City of Hope receives $5.2 million from CIRM

New study to target a T cell-based immunotherapy

Kelsey Kaustinen
DUARTE, Calif.—City of Hope has announced the receipt of a$5,217,004 early translational research award by the California Institute forRegenerative Medicine (CIRM) to support development of a T cell-basedimmunotherapy that redirects patients' immune responses to target glioma stemcells. In total, City of Hope has received more than $49.7 million in CIRMgrant support since the organization began announcing awards in 2006.
 
 
"The CIRM grant will help us to build a targeted T celltherapy against glioma that can offer lasting protection, determine the bestway to deliver the treatment, establish an efficient process to manufacturethese T cells for treatment, and get approval for a human clinical trial,"Behnam Badie, M.D., director of the Brain Tumor Program, said in a pressrelease.
 
 
Glioma is a type of brain tumor that is prone to recurrenceand among the more difficult types to treat, with a five-year survival rate ofless than 20 percent for patients with malignant gliomas. The low survival rateis due mainly to the resilience of tumor-initiating cancer stem cells,malignant cells that, like normal stem cells, can reproduce indefinitely.Glioma stem cells display a high resistance to chemotherapy and radiationtherapies, and the American Cancer Society predicts that more than 22,000Americans will be diagnosed with a brain tumor this year, with 13,700fatalities.
 
"In this research, we are genetically engineering a centralmemory T cell that targets proteins expressed by glioma stem cells. Centralmemory T cells have the potential to establish a persistent, lifelong immunityto help prevent brain tumors from recurring,"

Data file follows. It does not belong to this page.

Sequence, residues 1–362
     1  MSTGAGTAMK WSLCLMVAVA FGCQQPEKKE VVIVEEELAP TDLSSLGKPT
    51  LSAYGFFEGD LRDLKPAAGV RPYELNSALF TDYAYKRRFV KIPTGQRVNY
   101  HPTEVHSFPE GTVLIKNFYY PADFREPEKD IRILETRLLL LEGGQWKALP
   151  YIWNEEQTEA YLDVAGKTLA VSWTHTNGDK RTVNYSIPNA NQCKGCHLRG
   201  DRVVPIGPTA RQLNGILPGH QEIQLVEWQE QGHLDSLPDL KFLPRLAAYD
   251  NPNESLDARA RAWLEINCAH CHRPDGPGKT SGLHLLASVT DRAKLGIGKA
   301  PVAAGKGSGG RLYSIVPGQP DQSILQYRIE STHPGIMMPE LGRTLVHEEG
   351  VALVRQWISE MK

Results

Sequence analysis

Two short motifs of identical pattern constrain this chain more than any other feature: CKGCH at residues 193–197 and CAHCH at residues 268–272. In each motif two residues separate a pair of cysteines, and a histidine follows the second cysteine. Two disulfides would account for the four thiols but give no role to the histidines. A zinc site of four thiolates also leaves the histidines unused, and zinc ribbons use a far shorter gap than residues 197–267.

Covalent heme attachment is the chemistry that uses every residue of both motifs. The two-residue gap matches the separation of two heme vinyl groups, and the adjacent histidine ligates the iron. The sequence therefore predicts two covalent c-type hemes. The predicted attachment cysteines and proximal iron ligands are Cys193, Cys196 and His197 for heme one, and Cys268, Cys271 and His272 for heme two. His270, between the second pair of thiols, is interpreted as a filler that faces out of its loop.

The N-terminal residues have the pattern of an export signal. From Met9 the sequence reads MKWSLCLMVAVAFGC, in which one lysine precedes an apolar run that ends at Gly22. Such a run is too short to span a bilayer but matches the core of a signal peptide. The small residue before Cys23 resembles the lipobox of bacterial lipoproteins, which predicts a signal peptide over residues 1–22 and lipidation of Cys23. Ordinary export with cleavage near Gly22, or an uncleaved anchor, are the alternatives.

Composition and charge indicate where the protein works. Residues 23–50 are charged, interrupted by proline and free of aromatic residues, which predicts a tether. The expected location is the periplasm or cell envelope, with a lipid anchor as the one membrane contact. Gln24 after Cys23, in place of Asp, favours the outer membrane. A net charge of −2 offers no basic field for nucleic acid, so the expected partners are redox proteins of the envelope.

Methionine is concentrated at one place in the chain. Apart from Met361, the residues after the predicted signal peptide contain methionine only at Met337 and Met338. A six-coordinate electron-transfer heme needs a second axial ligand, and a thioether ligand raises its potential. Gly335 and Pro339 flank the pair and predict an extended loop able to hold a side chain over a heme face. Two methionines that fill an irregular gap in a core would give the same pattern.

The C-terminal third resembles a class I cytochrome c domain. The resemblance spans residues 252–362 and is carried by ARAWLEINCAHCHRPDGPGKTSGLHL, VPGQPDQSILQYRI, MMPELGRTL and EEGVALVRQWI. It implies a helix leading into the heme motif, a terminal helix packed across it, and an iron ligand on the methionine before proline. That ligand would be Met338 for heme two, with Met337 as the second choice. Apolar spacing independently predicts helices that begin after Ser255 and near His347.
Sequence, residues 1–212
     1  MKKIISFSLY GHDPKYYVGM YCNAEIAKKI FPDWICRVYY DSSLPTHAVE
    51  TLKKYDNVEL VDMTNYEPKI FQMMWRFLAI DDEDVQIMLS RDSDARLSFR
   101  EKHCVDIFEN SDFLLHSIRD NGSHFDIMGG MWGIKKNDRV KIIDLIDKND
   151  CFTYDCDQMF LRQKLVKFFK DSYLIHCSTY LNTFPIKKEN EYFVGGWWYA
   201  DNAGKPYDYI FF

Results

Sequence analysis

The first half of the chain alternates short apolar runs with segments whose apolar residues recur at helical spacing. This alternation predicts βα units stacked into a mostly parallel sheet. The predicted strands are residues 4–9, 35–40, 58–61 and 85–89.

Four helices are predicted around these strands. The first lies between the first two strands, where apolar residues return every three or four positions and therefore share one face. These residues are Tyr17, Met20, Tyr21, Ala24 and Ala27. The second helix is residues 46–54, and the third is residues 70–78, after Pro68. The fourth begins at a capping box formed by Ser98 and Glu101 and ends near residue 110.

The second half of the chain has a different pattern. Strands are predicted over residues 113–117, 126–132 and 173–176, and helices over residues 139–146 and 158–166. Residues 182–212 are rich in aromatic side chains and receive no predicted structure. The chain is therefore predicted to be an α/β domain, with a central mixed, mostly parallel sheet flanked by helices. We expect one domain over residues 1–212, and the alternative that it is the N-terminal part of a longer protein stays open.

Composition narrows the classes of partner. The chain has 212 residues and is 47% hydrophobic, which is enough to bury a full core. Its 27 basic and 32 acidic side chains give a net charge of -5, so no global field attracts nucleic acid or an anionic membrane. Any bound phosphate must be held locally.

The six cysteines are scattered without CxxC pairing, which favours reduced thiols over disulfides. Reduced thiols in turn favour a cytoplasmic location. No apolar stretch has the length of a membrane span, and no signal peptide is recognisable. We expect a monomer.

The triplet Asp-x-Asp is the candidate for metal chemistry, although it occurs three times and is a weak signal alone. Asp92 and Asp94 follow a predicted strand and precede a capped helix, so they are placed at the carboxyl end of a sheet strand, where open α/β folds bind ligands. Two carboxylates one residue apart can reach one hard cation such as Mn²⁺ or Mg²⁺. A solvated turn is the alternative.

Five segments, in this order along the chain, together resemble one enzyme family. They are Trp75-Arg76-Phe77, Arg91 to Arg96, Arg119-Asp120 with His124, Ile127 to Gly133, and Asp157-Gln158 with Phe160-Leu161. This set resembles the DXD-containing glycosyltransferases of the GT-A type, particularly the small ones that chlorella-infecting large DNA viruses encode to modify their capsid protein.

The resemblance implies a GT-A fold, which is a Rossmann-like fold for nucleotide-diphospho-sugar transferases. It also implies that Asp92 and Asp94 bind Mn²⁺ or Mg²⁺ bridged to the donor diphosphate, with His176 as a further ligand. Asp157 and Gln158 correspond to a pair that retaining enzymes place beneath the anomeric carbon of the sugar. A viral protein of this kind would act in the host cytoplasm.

Stephen J. Forman, M.D., said in a press release. Forman isthe Francis and Kathleen McNamara Distinguished Chair in Hematology and HematopoieticCell Transplantation and director of the T Cell Immunotherapy ResearchLaboratory.
 
 
City of Hope researchers have previously identified severalproteins that offer promising targets for the development of cancerimmunotherapies, including interleukin 13 receptor alpha 2, which is found onthe surface of glioma cells, and CD19, an active protein in lymphoma andleukemia cells. Both therapies are currently in Phase I clinical trials. Formanwill be the principal investigator for the newly granted study, which will workon the development of a T cell that can target the different proteins expressedby glioma stem cells. Christine Brown, Ph.D., associate research professor,will be the co-principal investigator, with Badie and Michael Barish, Ph.D., chairof the Department of Neurosciences, serving as co-investigators.
 
"Because cancer stem cells are heterogeneous, our proposedtherapy will target multiple antigens to cast as wide a net as possible overthis malignant stem cell population," said Brown in a press release.
 
 
City of Hope is a collaborative partner in two otherCIRM-funded projects as well. Larry Couture, Ph.D., senior vice president ofCity of Hope's Sylvia R. & Isador A. Deutch Center for Applied TechnologyDevelopment and director of the Center for Biomedicine & Genetics, isworking with Stanford University and Children's Hospital of Orange CountyResearch Institute on their projects.
 
 
The grant program supports projects in initial stages ofidentifying drugs or cell types with therapeutic potential, and these awardsare the CIRM's first collaboratively funded research projects with China, thefederal government of Australia and a new project with Germany.
 
 
 
 
 
SOURCE: City of Hope press release

Kelsey Kaustinen

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